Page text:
The state’s $160 million
transportation fund is at risk. Last week, the state Court of
Appeals ruled that the fund is not protected under the Michigan
Constitution, which means that the little money Michigan has to
provide vital transportation services to its citizens could soon be
cut. The state’s mass transit system is already lacking and
this most recent blow has the potential to make the situation even

Kate Green

The battle over transportation funding began in 2001, when Gov.
John Engler redirected $12.7 million of state sales tax revenues
from the transportation fund to the general fund. State public
transportation organizations sued, taking the issue to court. In
2002, the Ingham County Circuit Court ruled in favor of the
transportation groups, granting them a preliminary injunction,
which prohibited the transfer of money to the general fund.
However, last week’s Court of Appeals ruling leaves the fund
unprotected, meaning that Gov. Jennifer Granholm, as well as future
governors, will potentially have the power to cut the
transportation fund even further in the future.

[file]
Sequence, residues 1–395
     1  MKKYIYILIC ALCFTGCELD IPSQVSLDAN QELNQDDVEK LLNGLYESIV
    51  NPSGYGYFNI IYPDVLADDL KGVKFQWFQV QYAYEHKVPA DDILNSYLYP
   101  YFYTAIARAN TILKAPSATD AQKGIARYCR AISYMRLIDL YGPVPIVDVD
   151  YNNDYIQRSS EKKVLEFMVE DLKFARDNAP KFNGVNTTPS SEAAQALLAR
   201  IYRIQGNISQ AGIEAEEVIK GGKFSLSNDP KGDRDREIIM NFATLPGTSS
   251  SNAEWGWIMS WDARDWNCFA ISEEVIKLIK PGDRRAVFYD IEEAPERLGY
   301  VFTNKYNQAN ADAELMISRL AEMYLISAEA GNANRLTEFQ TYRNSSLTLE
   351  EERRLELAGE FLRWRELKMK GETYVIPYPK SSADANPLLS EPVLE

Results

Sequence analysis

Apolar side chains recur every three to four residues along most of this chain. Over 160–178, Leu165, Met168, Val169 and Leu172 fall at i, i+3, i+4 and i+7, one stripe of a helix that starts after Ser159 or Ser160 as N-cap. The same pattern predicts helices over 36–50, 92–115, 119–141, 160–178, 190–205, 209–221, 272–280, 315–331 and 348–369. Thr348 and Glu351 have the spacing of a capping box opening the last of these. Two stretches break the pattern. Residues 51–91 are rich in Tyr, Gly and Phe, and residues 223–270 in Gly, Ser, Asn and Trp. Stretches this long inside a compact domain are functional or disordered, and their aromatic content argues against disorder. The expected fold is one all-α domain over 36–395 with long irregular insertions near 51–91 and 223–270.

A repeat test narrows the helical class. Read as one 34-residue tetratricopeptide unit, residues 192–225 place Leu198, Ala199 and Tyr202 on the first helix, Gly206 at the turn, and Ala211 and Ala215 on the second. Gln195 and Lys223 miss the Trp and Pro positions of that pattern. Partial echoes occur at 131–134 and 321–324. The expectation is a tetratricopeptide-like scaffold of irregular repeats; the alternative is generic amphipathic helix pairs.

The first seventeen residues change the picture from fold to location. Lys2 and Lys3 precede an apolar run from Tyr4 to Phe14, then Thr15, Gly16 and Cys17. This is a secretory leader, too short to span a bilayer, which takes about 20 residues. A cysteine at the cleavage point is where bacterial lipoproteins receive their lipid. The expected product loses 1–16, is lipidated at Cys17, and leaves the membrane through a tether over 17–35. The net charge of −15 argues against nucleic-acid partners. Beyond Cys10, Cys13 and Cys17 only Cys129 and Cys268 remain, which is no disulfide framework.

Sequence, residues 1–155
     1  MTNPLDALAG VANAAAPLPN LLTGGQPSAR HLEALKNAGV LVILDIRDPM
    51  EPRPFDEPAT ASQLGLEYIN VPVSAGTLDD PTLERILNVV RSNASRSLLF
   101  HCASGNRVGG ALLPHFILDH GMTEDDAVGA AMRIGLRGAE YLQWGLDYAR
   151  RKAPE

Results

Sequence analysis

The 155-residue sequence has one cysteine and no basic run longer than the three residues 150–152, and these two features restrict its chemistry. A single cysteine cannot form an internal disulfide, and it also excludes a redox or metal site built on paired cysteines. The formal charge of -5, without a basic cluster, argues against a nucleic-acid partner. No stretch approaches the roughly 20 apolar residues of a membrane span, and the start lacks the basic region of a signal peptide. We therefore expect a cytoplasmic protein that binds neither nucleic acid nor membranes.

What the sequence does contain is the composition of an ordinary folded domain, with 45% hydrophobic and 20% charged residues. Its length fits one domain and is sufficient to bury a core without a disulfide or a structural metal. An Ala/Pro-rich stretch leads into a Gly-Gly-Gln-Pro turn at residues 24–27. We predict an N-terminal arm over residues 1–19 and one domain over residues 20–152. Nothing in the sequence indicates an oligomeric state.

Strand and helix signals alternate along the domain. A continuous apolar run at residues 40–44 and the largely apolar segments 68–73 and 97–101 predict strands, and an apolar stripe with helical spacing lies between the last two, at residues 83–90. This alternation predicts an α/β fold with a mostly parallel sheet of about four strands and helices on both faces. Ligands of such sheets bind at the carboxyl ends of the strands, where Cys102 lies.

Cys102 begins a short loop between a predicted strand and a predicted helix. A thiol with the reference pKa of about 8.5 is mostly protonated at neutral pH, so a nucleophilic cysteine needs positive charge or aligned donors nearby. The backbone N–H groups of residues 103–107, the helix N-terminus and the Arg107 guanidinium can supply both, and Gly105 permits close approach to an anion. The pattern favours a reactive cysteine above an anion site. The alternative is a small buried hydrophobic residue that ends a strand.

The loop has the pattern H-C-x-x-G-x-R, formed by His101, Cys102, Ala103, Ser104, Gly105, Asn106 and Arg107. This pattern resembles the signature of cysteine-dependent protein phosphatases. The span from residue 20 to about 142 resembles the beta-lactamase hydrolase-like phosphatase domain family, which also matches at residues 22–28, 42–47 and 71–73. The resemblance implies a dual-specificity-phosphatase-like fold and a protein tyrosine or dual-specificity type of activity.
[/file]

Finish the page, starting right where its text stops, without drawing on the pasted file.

It is essential that the state keep its transportation fund
intact because every dollar would be sorely missed. A large portion
of Michigan’s transportation fund is used to qualify for
matching funds from the federal government. This means that for
every dollar the state takes away from transportation, the federal
government takes away additional funding.

Public transportation in Michigan is already inadequate and
cannot afford to undergo further cuts. Last January, Engler vetoed
House Bill 5467, which would have created the Detroit Area Regional
Transit Authority, a proposal to integrate the Detroit and suburban
bus systems. If implemented, DARTA would have facilitated suburban
residents’ commute to the city. Due to the economic slowdown
Detroit has been suffering from for the last several years,
well-paying jobs have been moving outward toward the suburbs,
making it especially important that low-income workers have an
affordable and efficient means to gain access to these jobs. Public
transportation is an essential ingredient to revitalizing Detroit
and maintaining the economic health of the state.

Furthermore, public transportation is needed to help alleviate
the Metro Detroit traffic crisis. Despite expanding highways for
several years, Michigan’s roads remain congested and
overcrowded. The only remedy for this problem is a mass transit
system that would allow residents to commute to and from work
without the use of cars, as DARTA would have done.

The state’s transportation system is already inadequate
and in need of repair. It cannot afford to undergo even harsher
cutbacks. The Michigan Public Transit Association should appeal the
Court of Appeals’s ruling to the state Supreme Court —
as it plans to do — in order to attempt to maintain its
current level of funding. In the meantime, Granholm should refrain
from cutting public transportation funding.

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